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Just don't try to find your way home at night. ;-) – Robert Paulson May 7 '09 at 12:00
He can use stars instead :) – vava May 7 '09 at 12:11

You just need to implement location manager functionality to find the exact direction in which your iPhone is pointing.

So, You can check this :

CLLocationManager *locationManager; [locationManager startUpdatingHeading];

And whenever you call startUpdatingHeading() it will call "- (void)locationManager:(CLLocationManager *)manager didUpdateHeading:(CLHeading *)newHeading" method which you need to override from Location manager.

And that's it you can find the direction in which iPhone 3GS is pointing by newHeading.magneticHeading or newHeading.trueHeading.

You will surprise that you can get exact the same direction what magnetic compass gives you.

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The compass will only show the direction you're moving. It will not tell you the direction the iPhone is positioned in. So even using the accelerometer to track that the iPhone has turned/moved will not necessarily let you point to north on the display.

(Ie. you won't know if its moving sideways or if we're holding the iPhone upside-down or anything. You'll just know where you're moving...)

EDIT december 2010: Since this original post was written, the iPhone 3GS (launched summer '09) and newer models have an electronic compass. This compass can show the correct direction when without moving... (This means that the compass now is able to point to north regardless of the direction the iPhone is held or is moving.)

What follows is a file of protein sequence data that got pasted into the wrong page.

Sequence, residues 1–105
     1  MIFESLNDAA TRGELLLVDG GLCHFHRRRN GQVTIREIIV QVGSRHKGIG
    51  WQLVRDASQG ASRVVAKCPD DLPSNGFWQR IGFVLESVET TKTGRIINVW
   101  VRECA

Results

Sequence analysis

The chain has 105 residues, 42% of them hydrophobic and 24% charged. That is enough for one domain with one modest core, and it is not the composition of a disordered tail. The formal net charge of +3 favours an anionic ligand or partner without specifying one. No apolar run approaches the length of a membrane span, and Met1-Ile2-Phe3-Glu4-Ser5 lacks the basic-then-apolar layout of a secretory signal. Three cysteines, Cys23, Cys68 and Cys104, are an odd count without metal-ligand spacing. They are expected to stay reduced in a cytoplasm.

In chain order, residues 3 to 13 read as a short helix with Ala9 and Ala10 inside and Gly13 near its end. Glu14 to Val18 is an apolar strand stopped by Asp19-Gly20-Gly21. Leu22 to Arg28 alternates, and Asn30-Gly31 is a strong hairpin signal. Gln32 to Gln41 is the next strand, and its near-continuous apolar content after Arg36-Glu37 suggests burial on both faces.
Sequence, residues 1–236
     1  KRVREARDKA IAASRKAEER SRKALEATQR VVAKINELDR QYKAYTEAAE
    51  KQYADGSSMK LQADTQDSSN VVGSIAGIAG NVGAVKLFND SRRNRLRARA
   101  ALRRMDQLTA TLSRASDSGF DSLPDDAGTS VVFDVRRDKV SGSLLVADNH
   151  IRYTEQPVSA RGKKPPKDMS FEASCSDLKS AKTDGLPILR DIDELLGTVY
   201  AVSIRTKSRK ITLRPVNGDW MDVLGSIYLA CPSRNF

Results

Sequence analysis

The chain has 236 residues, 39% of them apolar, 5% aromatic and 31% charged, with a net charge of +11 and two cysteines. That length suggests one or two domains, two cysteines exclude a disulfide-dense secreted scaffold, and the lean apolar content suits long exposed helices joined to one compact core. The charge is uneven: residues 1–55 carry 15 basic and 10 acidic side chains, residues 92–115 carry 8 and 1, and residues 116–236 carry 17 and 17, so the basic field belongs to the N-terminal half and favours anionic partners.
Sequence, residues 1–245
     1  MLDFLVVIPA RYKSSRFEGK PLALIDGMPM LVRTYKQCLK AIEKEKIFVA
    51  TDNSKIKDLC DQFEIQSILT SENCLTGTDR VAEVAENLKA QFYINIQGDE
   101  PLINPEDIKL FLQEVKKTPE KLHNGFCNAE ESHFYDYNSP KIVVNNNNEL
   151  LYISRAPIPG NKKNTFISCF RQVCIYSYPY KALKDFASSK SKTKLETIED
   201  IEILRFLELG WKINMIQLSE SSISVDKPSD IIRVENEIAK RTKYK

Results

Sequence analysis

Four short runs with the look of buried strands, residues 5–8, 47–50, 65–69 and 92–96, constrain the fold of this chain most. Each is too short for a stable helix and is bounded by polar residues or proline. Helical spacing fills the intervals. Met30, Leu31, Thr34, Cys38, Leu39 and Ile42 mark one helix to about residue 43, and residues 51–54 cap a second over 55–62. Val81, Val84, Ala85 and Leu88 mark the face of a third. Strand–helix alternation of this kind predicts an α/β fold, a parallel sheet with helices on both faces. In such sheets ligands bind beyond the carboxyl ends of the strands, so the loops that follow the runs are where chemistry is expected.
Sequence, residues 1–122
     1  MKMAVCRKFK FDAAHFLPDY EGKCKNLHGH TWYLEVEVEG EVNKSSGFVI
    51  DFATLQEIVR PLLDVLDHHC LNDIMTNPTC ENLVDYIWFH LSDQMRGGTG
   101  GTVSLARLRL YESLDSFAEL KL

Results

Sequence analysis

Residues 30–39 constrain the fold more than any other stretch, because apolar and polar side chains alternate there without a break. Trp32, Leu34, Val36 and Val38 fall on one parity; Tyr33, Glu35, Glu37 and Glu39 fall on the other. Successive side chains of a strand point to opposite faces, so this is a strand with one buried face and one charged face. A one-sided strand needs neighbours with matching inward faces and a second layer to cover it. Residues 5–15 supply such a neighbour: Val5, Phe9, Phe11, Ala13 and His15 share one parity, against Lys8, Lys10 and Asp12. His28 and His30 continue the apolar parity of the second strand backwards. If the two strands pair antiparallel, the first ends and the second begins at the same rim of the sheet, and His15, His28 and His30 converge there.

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I think your right with your suspicion, a GPS position is a single point without any direction information. To determine a direction you need two points to create a direction vector. Car navigation systems work the same way. They can only show a direction vector if the car is moving.

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If you implement an analogue clock, you can use the instructions below to superimpose a compass dial.

This could be used to 'calibrate' the compass and use the accelerometer remain pointing to North when the phone moves.

Obviously this is not super accurate... "low tech solution to a high tech problem"

(instruction taken from

In the northern hemisphere place the watch on a level piece of ground, point the hour hand in the direction of the sun. The North-South line is again the line dividing the angle between the hour hand and the 12 o'clock line in half.

In the Southern hemisphere, place the watch on a level piece of ground, point the figure 12 towards the sun. The North-South line is the line dividing the angle between the hour hand and the 12 o'clock line in half.

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No need to place on level ground when in the northern hemisphere? ;) – Arjan Einbu May 7 '09 at 12:31
Er...that's a quasisundial, isn't it... – Paul Nathan Jul 13 '09 at 21:24

As a side note, the accelerometers in the iphone don't track rotations only translations so you can't do proper 6 axis inertial tracking of position and direction.